Have you ever walked through a park or along a neighborhood flowerbed and wanted to pluck a beautiful, fragrant flower? “Just one,” you rationalize to yourself, “the owner wouldn’t mind if I picked just one of those pretty flowers.” You might have enjoyed it so much, that you just couldn’t resist, so you plucked, “just one” or “just a few” of those pretty flowers. “What does it hurt to help yourself?”

Stealing is stealing. When you help yourself to something that isn’t yours, it is in fact theft. Why is it that taking a live plant (or part of it) is any less a theft than the theft of a neighbor’s bicycle, a stranger’s car, a fish when trespassing, or morel mushrooms from a private wooded acreage?

According to Webster’s definition, theft is the act of stealing, specifically: the felonious taking and removing of personal property with intent to deprive the rightful owner of it. Also, when you take plants from a garden (or a node), whether public or private, you are not only stealing, but you are vandalizing. Vandalism, according to Webster is “willful or malicious destruction or defacement of public or private property.” Those are crimes, and as such are punishable in a court of law.

Within the last few weeks, someone stole some hardy geraniums, dug them up, roots and all from a downtown public garden area! Whether public or private, the plants stolen did not belong to the thief. Yet, there are gaping holes in the ground where someone just couldn’t resist.

A gardener carefully chooses the plants, creates a design based upon the colors, textures, heights, dates of blooms and on various stages of plant cycles. Like an artist with a palette, the gardener paints the earth. The medium is natural, rooted in the earth, dependent upon sun, rain and soil compatibility. The art form is even more challenging than the sculpture’s clay or the painter’s watercolor on canvas, as it constantly evolves over time and needs continual tending. It is a masterpiece that is created with foresight, care and hard work. The garden designer must understand the soil types, the scale and the proportion of the plants in relation to the hardscapes, the buildings and the open spaces where they are planted. Plants are grouped and visual interest is achieved by using an array of various colors of blooms or leaves, and attention to the minute details such as texture and the characteristics of the plant materials.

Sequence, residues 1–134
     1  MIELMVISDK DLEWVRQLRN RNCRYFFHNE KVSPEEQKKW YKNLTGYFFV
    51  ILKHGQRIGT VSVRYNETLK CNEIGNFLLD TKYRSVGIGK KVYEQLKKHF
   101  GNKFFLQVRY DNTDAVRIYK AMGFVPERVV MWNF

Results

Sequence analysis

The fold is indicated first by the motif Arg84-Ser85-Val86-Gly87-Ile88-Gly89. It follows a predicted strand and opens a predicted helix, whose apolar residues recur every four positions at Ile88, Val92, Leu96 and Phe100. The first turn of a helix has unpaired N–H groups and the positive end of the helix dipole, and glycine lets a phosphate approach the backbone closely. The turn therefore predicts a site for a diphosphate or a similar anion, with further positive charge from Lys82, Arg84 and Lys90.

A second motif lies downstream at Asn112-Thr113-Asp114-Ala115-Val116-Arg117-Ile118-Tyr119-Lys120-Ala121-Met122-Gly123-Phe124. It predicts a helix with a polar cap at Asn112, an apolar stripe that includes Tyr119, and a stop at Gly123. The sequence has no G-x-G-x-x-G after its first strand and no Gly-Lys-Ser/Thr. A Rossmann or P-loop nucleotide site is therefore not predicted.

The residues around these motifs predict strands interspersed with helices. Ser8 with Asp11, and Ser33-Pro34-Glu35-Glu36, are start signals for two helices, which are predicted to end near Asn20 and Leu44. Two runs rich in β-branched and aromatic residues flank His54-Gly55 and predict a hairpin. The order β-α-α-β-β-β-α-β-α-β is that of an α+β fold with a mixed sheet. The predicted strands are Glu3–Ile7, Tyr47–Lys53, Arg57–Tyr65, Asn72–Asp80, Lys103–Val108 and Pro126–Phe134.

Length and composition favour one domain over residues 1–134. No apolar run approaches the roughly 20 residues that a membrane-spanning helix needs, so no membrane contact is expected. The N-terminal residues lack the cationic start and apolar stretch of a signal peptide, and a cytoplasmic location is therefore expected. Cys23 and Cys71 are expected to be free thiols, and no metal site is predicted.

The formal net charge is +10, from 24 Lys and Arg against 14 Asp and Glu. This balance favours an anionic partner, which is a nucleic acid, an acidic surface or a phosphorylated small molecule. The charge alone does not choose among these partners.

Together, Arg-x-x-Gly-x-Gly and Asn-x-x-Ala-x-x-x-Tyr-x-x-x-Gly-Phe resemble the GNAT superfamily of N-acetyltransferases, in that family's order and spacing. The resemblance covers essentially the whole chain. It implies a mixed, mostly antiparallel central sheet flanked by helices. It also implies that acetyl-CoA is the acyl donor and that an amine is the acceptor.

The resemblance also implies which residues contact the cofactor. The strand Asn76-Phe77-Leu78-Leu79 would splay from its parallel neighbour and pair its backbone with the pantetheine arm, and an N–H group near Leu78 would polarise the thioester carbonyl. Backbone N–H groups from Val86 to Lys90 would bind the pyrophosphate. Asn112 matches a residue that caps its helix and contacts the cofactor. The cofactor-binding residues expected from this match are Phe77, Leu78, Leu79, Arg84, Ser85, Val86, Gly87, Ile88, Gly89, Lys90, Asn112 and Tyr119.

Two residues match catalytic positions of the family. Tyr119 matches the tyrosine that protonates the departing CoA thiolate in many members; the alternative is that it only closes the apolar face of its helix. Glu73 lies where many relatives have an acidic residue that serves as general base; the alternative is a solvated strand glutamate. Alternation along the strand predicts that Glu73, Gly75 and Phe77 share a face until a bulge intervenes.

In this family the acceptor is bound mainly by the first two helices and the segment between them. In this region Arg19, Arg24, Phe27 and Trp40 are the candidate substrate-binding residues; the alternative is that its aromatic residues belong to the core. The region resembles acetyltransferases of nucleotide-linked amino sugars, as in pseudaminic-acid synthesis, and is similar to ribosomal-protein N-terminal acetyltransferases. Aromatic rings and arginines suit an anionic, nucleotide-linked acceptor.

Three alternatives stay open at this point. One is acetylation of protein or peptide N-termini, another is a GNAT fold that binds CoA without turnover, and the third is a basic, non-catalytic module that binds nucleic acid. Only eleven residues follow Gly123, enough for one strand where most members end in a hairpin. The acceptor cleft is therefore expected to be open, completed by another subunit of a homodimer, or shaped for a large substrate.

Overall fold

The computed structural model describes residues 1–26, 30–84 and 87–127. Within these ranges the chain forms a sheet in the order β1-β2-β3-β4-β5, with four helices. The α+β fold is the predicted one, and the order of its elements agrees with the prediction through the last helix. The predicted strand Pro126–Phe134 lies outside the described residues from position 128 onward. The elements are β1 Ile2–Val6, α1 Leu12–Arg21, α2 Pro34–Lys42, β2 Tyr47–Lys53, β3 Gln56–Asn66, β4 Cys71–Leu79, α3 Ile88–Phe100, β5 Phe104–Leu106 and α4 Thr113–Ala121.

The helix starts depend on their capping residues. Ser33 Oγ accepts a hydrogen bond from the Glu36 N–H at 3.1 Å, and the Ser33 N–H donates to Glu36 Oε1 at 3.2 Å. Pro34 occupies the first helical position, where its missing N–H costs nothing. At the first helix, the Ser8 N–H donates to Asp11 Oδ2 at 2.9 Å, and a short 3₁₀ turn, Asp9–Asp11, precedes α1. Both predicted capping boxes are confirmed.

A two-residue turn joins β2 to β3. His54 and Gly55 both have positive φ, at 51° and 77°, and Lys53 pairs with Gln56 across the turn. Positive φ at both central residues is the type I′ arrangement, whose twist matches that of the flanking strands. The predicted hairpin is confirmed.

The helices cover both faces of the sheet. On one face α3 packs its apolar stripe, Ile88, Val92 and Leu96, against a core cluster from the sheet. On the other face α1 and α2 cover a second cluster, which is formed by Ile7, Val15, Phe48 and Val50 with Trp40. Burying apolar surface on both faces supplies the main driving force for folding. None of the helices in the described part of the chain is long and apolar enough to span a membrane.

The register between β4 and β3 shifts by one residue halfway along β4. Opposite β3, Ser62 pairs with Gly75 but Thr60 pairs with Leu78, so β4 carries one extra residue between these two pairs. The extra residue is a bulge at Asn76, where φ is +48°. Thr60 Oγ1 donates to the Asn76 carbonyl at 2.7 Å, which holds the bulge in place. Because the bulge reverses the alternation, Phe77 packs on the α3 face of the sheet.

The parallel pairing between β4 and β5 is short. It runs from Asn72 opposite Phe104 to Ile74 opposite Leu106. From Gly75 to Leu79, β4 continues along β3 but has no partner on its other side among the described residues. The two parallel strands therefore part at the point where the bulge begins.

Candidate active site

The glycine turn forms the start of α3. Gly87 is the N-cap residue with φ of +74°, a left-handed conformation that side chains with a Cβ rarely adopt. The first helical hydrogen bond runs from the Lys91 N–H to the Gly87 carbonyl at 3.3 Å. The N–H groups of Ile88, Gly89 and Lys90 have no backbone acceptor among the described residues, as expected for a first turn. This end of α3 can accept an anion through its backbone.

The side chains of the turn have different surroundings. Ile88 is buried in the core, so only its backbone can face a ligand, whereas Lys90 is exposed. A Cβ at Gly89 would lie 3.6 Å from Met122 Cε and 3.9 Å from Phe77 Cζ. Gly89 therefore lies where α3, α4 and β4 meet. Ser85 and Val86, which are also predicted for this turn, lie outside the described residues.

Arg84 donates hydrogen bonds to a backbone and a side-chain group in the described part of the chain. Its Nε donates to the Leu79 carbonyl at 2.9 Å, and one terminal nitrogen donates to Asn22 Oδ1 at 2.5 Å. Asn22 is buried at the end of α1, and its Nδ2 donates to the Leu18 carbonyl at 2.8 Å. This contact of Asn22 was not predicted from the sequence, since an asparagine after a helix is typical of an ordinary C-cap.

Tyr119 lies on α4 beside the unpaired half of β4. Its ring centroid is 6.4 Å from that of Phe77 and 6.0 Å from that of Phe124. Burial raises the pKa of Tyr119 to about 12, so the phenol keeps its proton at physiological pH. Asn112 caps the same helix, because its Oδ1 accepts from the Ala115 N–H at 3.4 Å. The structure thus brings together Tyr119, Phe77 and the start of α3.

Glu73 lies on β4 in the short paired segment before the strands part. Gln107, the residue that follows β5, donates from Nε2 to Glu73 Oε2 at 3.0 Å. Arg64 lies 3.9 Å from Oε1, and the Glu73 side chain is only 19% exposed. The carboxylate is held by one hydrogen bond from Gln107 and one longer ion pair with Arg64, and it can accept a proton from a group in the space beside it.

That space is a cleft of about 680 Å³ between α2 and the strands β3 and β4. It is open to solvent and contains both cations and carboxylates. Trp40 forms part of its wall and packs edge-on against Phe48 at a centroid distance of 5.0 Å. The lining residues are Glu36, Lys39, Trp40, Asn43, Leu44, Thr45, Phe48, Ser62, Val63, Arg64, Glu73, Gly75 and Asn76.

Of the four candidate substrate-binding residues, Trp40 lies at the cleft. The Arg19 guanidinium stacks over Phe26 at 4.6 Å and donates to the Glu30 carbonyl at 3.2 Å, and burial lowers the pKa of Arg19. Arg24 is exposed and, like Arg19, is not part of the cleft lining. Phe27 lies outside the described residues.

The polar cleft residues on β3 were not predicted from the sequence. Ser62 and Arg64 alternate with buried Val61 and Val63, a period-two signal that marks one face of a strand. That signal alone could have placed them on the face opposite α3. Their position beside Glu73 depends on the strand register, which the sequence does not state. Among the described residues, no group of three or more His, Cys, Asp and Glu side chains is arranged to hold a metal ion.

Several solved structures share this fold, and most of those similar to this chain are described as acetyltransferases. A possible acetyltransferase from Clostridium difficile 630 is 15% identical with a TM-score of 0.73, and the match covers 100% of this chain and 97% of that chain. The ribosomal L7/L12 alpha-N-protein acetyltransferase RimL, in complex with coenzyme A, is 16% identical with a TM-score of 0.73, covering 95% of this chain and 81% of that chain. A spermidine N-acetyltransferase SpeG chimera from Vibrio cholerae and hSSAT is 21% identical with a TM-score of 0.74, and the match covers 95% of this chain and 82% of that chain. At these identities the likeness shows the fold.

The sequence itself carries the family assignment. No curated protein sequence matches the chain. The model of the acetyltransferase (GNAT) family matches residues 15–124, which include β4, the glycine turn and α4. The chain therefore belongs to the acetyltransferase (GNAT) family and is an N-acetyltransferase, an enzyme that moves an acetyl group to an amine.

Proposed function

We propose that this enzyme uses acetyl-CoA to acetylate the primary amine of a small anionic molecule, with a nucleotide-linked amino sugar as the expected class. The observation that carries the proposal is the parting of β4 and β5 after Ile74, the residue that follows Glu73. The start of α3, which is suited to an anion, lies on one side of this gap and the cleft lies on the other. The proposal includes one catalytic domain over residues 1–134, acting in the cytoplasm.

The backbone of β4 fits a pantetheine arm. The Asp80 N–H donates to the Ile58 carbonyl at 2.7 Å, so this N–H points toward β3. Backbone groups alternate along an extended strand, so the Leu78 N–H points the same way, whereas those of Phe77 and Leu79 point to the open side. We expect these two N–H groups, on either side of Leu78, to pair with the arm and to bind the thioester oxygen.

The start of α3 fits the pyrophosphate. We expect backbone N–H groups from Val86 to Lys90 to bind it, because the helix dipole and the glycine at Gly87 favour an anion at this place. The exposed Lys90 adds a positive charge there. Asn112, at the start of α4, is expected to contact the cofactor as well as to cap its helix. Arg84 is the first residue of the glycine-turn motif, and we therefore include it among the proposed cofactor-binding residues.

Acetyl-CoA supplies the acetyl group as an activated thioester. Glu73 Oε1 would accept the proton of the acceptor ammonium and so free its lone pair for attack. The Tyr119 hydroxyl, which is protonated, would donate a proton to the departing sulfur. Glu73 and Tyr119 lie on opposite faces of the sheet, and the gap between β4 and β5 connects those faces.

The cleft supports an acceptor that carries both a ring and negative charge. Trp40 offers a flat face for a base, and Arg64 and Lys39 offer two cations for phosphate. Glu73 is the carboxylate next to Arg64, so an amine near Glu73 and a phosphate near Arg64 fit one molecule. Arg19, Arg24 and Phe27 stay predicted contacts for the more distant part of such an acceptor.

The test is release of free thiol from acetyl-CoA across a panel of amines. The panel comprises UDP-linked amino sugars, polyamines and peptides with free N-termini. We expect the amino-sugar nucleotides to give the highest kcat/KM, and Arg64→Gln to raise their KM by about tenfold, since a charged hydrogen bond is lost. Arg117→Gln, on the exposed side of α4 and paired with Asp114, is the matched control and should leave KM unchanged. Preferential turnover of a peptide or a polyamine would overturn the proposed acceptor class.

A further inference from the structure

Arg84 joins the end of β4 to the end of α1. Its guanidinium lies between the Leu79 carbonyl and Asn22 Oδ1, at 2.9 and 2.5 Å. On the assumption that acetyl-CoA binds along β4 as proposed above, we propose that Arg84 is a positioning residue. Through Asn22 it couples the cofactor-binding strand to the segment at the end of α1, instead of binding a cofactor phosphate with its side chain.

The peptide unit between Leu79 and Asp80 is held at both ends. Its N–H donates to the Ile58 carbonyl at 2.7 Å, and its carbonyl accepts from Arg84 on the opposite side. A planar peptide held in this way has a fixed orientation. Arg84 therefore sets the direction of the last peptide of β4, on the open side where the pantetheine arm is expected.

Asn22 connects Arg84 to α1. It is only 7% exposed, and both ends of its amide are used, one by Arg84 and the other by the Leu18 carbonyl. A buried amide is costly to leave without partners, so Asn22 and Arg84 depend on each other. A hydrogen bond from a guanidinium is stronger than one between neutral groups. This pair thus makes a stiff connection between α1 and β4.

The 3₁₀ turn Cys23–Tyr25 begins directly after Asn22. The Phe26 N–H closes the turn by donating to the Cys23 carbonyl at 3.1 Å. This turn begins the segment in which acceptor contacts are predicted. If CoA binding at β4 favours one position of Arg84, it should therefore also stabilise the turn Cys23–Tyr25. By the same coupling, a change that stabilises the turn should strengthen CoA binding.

The manner in which we choose to show our appreciation for the beauty in nature is important. Instead of just plucking out the blooms, consider that taking away those few bursts of yellow or red will change the overall effect of the masterpiece. That plant often will not have another bloom. It cannot be replanted until the following year and have the same impact. The growth cycle has been disrupted, and the symphony of the garden has been irreparably altered.

As a new Master Gardener intern, I have a new appreciation for the work and planning that it takes to keep public places looking nice. The ambiance of our cityscape and our landscapes are greatly enhanced by the use of shrubs, trees and flowers. It is those living plants that connect us to the earth; that we all walk past and truly enjoy, (and that a few just can’t resist taking for themselves).

If you are going to take, I’d like to suggest taking a photo instead of the bloom or the plant. As an amateur photographer, I’ve found that photographing nature is very rewarding. A photo lasts longer and is something you won’t have to water or weed, and it won’t die on you. Taking photographs is easier, especially with cameras in many cell phones. Take a photo (it’s free) and submit it to a contest, frame it, share it with a friend, but find a way to capture the beauty that doesn’t take away from the beauty. Leave the artist’s plants the way you found them; carefully chosen and artfully placed in the living masterpiece that it is.
Marsha Laux is a Master Gardener intern.
EDITOR’S NOTE: Questions are welcome and can be directed to Master Gardener Intern and Ledger photographer Julie Johnston at

Thursday, May 17, 2012

Dear Iris - Master Gardener Awareness

By GERRI LYON, Master Gardener intern | May 17, 2012

I am relatively new at being a Master Gardener, but have always had a love of gardening.